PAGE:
First off, please allow me to make my opinions clear.
I think it is perfectly OK for athletes to protest in the form of taking a knee during the national anthem. They are influential figures in society who are taking peaceful actions against what they perceive as injustice — not the flag, the military or the anthem itself. The whole argument that politics and sports should be separate is faulty. Sports, just like any other entertainment aspect of society (like film or music), are tied with the ongoings of the world surrounding them.
For examples, look no further than when Tommie Smith and John Carlos raised their fists cloaked with black gloves during their medal ceremony at the 1968 Olympics. Or when then-President Richard Nixon arbitrarily granted Texas the National Championship in 1969 in an effort to gain votes among southern states, even though Penn State finished an identical 11-0.
Sports simply do not exist in a concealed vacuum designed solely to entertain us, and athletes themselves are not different: Football players are real people (not fictional TV characters) with diverse backgrounds, and they have real opinions that they are allowed to express by using the far-reaching platforms they possess. As sports broadcaster Bob Costas recently pointed out on CNN, the national anthem does not play before performances of theatrical plays or movie screenings. It does, however, play before football players perform their craft. Because of this circumstance, numerous athletes (and now coaches and owners) have chosen to use the moment as an opportunity to spark conversations and maybe, just maybe, incite improvements to our country through the act of kneeling.
Ordinary people like you and I are allowed to protest under the First Amendment. So are athletes. And they are doing so. The time and place may make people feel uneasy or uncomfortable; the act itself may seem disruptive or even unpatriotic (I personally do not see it that way). But that’s how most meaningful movements initially feel. Dallas Cowboys owner Jerry Jones and the NFL’s recent attempts to put an end to the protests are simply wrong and contrary to the intent of the First Amendment.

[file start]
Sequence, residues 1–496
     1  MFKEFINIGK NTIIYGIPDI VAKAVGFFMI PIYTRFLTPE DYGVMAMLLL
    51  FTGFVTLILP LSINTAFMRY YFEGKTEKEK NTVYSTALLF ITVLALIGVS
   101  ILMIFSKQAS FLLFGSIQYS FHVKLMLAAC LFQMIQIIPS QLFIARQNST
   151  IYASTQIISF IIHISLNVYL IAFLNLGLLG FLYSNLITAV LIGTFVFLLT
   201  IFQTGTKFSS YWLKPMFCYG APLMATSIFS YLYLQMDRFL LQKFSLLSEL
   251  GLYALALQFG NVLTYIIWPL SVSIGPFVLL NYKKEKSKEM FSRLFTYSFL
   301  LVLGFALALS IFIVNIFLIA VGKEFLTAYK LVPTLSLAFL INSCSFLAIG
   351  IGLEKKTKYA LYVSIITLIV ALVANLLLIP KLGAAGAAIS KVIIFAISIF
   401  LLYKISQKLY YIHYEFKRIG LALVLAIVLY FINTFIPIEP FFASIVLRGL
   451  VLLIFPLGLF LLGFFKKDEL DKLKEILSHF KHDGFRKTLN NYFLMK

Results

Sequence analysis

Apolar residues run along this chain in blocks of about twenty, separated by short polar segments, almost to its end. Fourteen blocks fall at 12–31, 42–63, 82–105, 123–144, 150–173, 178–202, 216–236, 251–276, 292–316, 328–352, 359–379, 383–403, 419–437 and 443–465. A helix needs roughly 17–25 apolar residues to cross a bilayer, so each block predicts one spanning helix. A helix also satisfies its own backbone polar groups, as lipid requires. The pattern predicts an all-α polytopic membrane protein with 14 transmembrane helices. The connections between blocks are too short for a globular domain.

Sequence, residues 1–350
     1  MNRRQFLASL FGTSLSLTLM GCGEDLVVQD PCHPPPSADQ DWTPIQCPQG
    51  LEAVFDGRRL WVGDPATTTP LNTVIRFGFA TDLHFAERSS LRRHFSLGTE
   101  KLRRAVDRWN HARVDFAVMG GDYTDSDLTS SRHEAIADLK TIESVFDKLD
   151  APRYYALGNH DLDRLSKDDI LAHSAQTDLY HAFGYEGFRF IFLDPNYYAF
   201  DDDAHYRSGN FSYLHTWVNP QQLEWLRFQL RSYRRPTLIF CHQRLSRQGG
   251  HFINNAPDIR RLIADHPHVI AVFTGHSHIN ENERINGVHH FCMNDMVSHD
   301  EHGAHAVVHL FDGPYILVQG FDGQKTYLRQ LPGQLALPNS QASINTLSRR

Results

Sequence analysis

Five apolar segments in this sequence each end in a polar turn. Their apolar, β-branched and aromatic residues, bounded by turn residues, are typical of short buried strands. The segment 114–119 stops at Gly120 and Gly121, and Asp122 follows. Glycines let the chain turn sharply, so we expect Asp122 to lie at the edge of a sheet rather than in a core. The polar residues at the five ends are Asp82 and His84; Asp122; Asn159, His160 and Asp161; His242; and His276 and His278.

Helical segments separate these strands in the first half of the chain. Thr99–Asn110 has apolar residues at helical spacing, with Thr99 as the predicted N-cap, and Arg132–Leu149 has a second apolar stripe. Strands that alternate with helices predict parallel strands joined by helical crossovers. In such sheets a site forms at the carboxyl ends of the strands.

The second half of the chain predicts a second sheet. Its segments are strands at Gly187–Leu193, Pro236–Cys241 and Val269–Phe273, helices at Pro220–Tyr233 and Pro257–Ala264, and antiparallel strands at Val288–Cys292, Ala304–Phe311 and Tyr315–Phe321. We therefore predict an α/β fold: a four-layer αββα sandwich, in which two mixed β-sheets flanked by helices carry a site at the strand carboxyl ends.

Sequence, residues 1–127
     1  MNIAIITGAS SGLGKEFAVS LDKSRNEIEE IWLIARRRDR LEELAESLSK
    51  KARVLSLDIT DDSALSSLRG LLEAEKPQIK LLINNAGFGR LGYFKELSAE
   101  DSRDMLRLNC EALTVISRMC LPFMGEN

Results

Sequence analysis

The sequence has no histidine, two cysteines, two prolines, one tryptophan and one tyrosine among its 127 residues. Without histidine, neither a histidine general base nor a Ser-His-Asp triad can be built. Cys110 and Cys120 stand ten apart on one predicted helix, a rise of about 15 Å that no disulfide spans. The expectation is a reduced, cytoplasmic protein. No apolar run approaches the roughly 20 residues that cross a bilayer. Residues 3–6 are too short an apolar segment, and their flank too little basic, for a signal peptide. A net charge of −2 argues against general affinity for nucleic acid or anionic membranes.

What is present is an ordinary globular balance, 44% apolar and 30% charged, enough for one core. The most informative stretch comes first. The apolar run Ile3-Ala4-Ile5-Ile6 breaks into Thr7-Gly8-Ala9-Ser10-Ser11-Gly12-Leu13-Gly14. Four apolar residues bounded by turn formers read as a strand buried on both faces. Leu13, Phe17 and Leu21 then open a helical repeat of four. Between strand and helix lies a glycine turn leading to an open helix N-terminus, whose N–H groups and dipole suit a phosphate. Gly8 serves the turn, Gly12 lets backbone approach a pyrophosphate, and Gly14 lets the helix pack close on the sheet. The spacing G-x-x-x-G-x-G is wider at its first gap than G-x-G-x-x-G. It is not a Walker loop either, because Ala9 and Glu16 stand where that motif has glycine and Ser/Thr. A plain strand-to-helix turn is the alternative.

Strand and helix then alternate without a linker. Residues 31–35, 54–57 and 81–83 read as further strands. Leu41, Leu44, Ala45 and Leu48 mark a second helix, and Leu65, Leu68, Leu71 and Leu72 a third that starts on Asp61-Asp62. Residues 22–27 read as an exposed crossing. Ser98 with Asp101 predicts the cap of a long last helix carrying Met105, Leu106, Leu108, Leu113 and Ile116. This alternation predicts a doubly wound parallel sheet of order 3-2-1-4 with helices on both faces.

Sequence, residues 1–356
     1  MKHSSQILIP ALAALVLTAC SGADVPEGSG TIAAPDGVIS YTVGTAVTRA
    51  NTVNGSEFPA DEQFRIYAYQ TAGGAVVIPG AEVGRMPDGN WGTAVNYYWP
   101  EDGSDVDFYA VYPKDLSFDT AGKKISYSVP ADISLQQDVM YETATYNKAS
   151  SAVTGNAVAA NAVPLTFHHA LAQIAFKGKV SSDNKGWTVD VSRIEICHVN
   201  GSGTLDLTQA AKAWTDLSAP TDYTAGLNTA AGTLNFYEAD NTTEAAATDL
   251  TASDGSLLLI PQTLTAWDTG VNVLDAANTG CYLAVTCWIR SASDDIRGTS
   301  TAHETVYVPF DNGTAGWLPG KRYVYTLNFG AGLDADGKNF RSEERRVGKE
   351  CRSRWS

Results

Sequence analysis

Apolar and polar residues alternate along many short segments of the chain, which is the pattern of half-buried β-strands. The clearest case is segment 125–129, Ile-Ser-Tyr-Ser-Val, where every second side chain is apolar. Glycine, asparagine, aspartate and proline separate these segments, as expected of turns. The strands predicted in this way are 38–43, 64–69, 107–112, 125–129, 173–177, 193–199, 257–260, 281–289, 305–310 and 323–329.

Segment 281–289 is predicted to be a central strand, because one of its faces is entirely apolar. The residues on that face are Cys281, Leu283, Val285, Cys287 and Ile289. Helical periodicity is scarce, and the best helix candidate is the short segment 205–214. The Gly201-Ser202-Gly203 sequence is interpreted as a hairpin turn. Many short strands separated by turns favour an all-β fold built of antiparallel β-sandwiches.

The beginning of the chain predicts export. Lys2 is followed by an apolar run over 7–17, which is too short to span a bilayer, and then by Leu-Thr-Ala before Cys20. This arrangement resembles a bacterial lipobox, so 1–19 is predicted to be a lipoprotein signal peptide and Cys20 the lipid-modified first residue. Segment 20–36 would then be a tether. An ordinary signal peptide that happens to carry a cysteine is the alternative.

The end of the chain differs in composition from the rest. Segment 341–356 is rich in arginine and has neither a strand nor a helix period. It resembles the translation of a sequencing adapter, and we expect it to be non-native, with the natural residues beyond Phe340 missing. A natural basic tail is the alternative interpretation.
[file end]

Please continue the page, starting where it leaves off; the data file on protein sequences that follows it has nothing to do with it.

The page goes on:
Now, I arrive at the central question of this column: Why aren’t college athletes also protesting the national anthem like their professional counterparts?
Traditionally, colleges have been hotbeds for discourse, debate and protests. One of the first major draft-card burning rallies in opposition to the Vietnam War occurred at Cal in 1965. Earlier this year, USA TODAY reported 20,000–50,000 college students from more than 250 colleges showed up as part of the Women’s March in Washington, D.C. alone.
Perhaps it is our youthful ignorance, sense of invincibility or idealism that makes us college students think we can single-handedly change the world. Regardless of whether we are always successful in this goal, we try, and we try often. So are college athletes next in protesting police brutality by kneeling during the national anthem?
The answer is complicated. If NFL players are discouraged from showing individuality on or off the field, college players are downright prevented from doing so. In response to players like Reggie Bush, Tim Tebow and Terrelle Pryor writing messages on their
eye-blacks, the NCAA banned the practice in 2010. Other college athletes like Todd Gurley or Johnny Manziel have been suspended by the NCAA for profiting off of their signatures in the form of autograph deals.
College football has always placed emphasis on institutions rather than singular athletes that are actually keeping programs’ wheels turning. The NCAA and its major football conferences would likely have simultaneous panic attacks if individual players started kneeling during the anthem.
That does not mean it won’t happen. At this time last season, a number of players from both Michigan and Michigan State raised their fists during the national anthem before each team’s game, with respective head coaches Mark Dantonio and Jim Harbaugh commending the acts. Now, with multitudes of NFL players kneeling in response to President Donald Trump’s disparaging comments about the practice, it will be interesting to see if college players follow suit in larger numbers.
Granted, most college football teams — including USC — remain in the locker room during the anthem. Regardless, viewers should expect some forms of protest by college players. One Yahoo Sports writer even urged all coaches to start letting their players onto the field so that they could be fully enabled to express their opinions about the issue. Perhaps even student sections will participate in some way.
Whether or not student-athletes will start protesting is up in the air. Regardless of if it happens, it’s strange to see college students on the back end of a movement rather than the forefront.
Trevor Denton is a sophomore studying journalism. He is also the deputy sports editor for the Daily Trojan. His column, T-Time, runs every other Wednesday.